The moon, by far our closest celestial neighbor


It can be challenging to have a new and, hopefully, sparkling article column week. 

My hat goes off to some of the daily blogs that I receive on my computer every morning like, which concerns itself with extraterrestrial news, astronomy and cosmology, with the occasional down-to-earth articles. I glance through it whenever it arrives to see what interesting tidbits Deborah Byrd has for us today. 

Recently, there was an article, “What would the Earth be like with no moon?” Now, that’s not something you give thought to on a regular basis!

Let us first take an inventory of solar system moons. Neither Mercury nor Venus has one. Earth has one and Mars has two. 

And then things get out of hand. Jupiter has 51 official moons and 18 provisional ones (still awaiting official confirmation), Saturn has 53 official and 8 unofficial, Uranus has 27, Neptune has 13, and Pluto — which may not even be a planet anymore — has five. 

While most moons are named for mythological characters, all of Uranus’ moons are named for Shakespearean characters, except for three named for characters in Alexander Pope’s poem “Rape of the Lock.” 

Our moon does not actually have a personal name. Just as we call it the moon, Luna is just the Latin word for it. And selenology, the study of the moon’s geology, comes from Selene, which is Greek, referring both to the moon itself and the name of the moon goddess.

Just where does our moon come from? The current hypothesis involves collisions with the proto-earth and debris eventually coalescing into our moon as we know it. 

There are several versions of this hypothesis. One of them suggests there was a one-time collision of a body between one to two times Earth’s size. The second hypothesizes a series of smaller impacts by bodies of between 1 and 10 percent the size of the Earth with smaller amounts of ejected material that first formed a disk of orbiting debris. This disk would have formed first individual moonlets that eventually coalesced. 

However, since the mass of the moon is only 1/81st the mass of the Earth, it seems unlikely our planet would be substantially different without the loss of the debris material that became the moon.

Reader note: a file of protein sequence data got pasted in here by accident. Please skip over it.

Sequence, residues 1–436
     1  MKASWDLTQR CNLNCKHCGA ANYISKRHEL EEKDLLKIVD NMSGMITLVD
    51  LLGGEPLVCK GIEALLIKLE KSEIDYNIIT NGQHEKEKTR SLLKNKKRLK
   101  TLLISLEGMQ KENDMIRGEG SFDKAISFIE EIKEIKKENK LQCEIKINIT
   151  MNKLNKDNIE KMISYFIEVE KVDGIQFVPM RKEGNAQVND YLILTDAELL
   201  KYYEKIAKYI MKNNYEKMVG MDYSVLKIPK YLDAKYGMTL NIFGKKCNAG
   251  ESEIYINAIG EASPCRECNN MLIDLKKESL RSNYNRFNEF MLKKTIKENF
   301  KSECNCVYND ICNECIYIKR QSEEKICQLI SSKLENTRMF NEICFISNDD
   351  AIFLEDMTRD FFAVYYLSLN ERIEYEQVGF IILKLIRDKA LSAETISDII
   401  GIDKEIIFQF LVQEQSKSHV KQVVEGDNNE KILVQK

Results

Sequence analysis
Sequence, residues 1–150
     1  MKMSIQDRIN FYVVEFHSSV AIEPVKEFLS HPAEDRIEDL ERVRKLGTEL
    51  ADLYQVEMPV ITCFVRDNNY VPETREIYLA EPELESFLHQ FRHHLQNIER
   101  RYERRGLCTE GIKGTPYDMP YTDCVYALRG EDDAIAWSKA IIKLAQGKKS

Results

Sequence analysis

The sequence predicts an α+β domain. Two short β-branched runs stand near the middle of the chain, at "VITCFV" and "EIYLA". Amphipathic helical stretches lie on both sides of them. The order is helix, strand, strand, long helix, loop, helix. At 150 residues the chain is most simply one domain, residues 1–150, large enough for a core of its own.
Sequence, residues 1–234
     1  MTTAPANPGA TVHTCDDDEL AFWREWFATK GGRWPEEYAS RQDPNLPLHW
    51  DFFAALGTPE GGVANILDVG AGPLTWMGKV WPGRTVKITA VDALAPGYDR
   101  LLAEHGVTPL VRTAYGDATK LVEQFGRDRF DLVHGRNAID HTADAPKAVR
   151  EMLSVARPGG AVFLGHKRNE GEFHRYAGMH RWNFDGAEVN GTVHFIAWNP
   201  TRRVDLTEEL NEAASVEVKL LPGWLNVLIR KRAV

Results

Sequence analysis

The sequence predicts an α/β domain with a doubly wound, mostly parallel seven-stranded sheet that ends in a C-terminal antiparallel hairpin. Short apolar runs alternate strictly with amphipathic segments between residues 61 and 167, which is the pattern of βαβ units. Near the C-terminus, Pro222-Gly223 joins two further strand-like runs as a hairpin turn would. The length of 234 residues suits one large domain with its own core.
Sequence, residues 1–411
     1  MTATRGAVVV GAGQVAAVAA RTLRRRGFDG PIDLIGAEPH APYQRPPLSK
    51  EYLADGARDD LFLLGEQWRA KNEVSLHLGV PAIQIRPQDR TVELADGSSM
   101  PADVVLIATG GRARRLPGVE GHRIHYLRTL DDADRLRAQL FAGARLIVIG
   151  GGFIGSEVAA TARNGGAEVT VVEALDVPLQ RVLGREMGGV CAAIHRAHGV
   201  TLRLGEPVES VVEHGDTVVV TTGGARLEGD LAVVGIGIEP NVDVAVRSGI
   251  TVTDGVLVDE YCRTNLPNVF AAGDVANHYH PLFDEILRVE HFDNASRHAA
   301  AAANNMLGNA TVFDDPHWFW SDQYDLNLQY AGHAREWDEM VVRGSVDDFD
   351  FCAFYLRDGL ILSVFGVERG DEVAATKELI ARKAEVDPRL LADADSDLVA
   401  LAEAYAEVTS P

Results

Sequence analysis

There is also difference of opinion as to the age of the moon. A recent article suggests that the moon had solidified by 4.51 billion years ago, meaning only 60 million years after the birth of the solar system. The multiple moonlet hypothesis suggests the process may have taken longer — 150 to 200 million years after the formation of the solar system.

The celestial universe is very dynamic. When the moon was formed, it orbited at a distance of only 13,000 to 19,000 miles from the Earth. It is now 238,855 miles away, and continues to recede at a yearly rate of 3.8 centimeters. And because of the gravitational forces exerted between the moon and Earth (the sun also exerts gravitational forces), the Earth is slowing on its axis, and days are lengthening by 1.7 milliseconds per year. 

This process is also not new. There is evidence from fossil corals and sandstone deposits that 350 million years ago in the Carboniferous, the day was less than 23 hours long. And 620 million years ago, in the Ediacaran, the day was only 21.9 hours. 

The shape of the earth is not static either. The gravitational pull of the sun and the moon cause the earth to bulge at the equator. Melting glaciers allow for the land mass of the continents to rise which cause infinitesimal shortening of the day.

The ancients thought that the planets traveled in perfect circles, but all orbiting bodies actually travel in ellipses. The above distance from Earth is an average. At apogee (when it is farthest from Earth), it is 6 percent further away, while at perigee (when it is closest to Earth), it is 7 percent closer than average. 

A solar day is 24 hours long, and means the time it takes the Earth to spin on its axis and return to the same spot under the sun. A lunar day (the time it takes the Earth to return to the same position in relation to the moon) is 24 hours and 50 minutes, which is why the tidal intervals are 12 hours and 25 minutes. The alignment between the moon, the sun and earth governs the strength of the tides.

Despite the sun’s greater size, its effect on tides is much smaller than the moon’s because of its distance from earth.

In short: No moon, much shorter days and very weak tides!

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Sura Jeselsohn, moon,